The dancing girls in Lolita’s Cantina and Tequila bar may look real enough, but in reality they’re conjured out of thin air using holographic technology. The entertainment in the bar, owned by veteran nightclub developer Eric DeBiasi, is created using the same technology used by Damon Albarn’s virtual band the Gorillaz and Live Earth Tokyo to project former US vice President Al Gore onto the stage.
No more dressing rooms, stench of flop-sweat, or real-world salaries. The performer appears real but can be brought to the stage whenever the whim hits.
Digital Illusions, the company behind the technology, says that the DJ will have total control over both the music and the dancing, creating a seamless audiovisual performance that will look totally realistic to the audience.
“Imagine having a library of hundreds or thousands of clips of entertainers, magicians, comedians, dancers,” asked one of the Digital Illusions folks in a rhetorical fashion.
“Each one is ready to perform at a moment’s notice. Each one is surrounded by special effects and magical appearances and disappearances. But most importantly, each one looks totally real.”
Why the possibilities abound. You could do six or seven birthday parties at one time. Magic Club lectures could happen over and over and over — if such was the desire of the club.
Yes, the equipment to build a holographic stage is expensive but the price will drop. Remember when calculators cost $17,200.00 and took up an entire room? Remember how back in those days, you would have to literally turn the entire room of computer equipment upside down to show friends that the letters 9009 was a secret word produced by the calculator?
Now a days, kids have the processing power twice that necessary to get man to the moon in their hand-held gaming devices. In fact, Neal Armstrong was recently quoted as saying if the Nintendo DS was around when he was a kid, he never would have made it to the moon. He would have set his sights on mastering the dual-screen DS classic Mario Kart. “We never dreamed we could control cartoon monkey race car drivers to throw banana peels in the way of Italian plumbers or fair anime princesses.”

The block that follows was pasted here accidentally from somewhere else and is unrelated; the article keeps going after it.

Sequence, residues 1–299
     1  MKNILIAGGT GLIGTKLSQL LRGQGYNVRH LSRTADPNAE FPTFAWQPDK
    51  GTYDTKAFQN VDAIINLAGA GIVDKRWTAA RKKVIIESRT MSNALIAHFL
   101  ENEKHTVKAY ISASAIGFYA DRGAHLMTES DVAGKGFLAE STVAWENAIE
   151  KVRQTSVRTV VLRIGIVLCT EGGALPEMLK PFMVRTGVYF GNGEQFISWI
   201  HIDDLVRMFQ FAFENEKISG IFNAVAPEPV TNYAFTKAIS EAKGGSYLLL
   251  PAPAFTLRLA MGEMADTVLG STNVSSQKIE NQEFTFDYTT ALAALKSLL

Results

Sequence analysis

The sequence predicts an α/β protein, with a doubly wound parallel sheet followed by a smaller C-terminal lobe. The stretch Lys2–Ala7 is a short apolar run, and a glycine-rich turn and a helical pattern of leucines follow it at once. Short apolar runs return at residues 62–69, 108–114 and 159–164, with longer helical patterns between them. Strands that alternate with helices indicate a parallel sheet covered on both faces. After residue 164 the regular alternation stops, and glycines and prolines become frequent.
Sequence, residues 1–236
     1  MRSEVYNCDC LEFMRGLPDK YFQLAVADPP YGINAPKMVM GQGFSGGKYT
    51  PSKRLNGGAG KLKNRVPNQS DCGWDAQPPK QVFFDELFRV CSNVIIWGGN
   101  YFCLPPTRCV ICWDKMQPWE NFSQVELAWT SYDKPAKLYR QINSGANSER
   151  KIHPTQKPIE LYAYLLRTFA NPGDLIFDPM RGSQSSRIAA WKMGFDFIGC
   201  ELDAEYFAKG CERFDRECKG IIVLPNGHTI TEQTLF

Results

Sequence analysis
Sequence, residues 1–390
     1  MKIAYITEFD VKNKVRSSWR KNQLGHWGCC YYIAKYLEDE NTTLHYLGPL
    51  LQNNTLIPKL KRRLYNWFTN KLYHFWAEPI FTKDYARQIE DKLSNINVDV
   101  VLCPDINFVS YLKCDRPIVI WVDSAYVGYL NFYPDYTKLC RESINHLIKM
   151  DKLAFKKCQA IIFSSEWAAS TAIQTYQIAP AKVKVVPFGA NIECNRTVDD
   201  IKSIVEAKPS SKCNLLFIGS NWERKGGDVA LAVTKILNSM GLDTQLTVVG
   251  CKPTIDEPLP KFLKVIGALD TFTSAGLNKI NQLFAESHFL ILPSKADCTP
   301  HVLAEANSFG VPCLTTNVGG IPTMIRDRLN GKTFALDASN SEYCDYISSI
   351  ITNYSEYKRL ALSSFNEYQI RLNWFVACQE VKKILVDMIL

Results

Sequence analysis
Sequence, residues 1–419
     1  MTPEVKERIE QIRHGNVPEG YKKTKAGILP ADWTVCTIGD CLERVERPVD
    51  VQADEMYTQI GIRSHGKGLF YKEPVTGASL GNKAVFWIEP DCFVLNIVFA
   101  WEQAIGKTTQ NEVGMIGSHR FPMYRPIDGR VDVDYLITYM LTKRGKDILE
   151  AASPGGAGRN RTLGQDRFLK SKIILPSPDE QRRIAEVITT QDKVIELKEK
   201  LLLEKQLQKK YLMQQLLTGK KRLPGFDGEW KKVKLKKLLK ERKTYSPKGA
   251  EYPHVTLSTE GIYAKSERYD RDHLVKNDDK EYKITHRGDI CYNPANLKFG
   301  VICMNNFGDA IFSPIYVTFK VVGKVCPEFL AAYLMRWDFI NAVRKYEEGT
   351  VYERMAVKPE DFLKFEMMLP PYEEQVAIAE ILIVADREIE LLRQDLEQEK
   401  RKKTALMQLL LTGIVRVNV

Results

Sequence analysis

Surprisingly, it was Skylab that demonstrated 45 days of weightless living has the same atrophying effect as being addicted to video games. “But,” says Bob Grayson, “and this is a big but; the men and women in Skylab were still involved in a pursuit of knowledge and experienced things beyond our terrestrial dreams.”
Mr. Grayson knows that’s a big but and he wants to keep kids from learning the hard way.
We asked Mr. Grayson what he thought of the virtual nightclub idea. Would it hurt society in the same manner as video games or celebrity survival shows?
“No. Society will reject a virtual magician without much question. How would the audience know if any of the effects performed are real or camera tricks.”
Good point. It would have the same impact as watching a televised street magician perform.
So once again, we learn that what is good for the strip-tease industry doesn’t necessarily help advance the cause of Magic. Just like when Li’l Tom Hardy tried to steal Sally Rand’s feathered fan as an emergency replacement for his damaged Super Botania, the needs of strippers and magicians diverge at the intersection of concealment and exposure.
It sounded much better when we heard that last statement in our mind. Of course when we heard it echoing in our noggin, it was in the voice of Jim Nabors of Gomer Pyle U.S.M.C. and Mayberry R.F.D. and preceded by the trademarked phrase, “Surprise, Surprise, Surprise!”
What are your thoughts on this important development in theater?